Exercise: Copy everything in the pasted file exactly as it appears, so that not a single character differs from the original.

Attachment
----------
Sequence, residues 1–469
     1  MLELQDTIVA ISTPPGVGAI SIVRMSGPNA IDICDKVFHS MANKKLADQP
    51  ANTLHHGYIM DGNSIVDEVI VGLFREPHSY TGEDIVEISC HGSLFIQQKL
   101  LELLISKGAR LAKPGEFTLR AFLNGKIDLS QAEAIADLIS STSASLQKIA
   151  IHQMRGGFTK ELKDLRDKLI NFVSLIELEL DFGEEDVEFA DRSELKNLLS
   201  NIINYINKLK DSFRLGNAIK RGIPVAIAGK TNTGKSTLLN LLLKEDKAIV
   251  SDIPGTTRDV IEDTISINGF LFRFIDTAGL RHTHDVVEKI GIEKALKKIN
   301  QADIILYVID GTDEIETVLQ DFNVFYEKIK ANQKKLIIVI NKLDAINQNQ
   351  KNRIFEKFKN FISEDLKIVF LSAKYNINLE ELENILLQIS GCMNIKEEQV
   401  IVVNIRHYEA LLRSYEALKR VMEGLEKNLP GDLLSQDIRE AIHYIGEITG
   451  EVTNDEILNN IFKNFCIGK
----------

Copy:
Sequence, residues 1–469
     1  MLELQDTIVA ISTPPGVGAI SIVRMSGPNA IDICDKVFHS MANKKLADQP
    51  ANTLHHGYIM DGNSIVDEVI VGLFREPHSY TGEDIVEISC HGSLFIQQKL
   101  LELLISKGAR LAKPGEFTLR AFLNGKIDLS QAEAIADLIS STSASLQKIA
   151  IHQMRGGFTK ELKDLRDKLI NFVSLIELEL DFGEEDVEFA DRSELKNLLS
   201  NIINYINKLK DSFRLGNAIK RGIPVAIAGK TNTGKSTLLN LLLKEDKAIV
   251  SDIPGTTRDV IEDTISINGF LFRFIDTAGL RHTHDVVEKI GIEKALKKIN
   301  QADIILYVID GTDEIETVLQ DFNVFYEKIK ANQKKLIIVI NKLDAINQNQ
   351  KNRIFEKFKN FISEDLKIVF LSAKYNINLE ELENILLQIS GCMNIKEEQV
   401  IVVNIRHYEA LLRSYEALKR VMEGLEKNLP GDLLSQDIRE AIHYIGEITG
   451  EVTNDEILNN IFKNFCIGK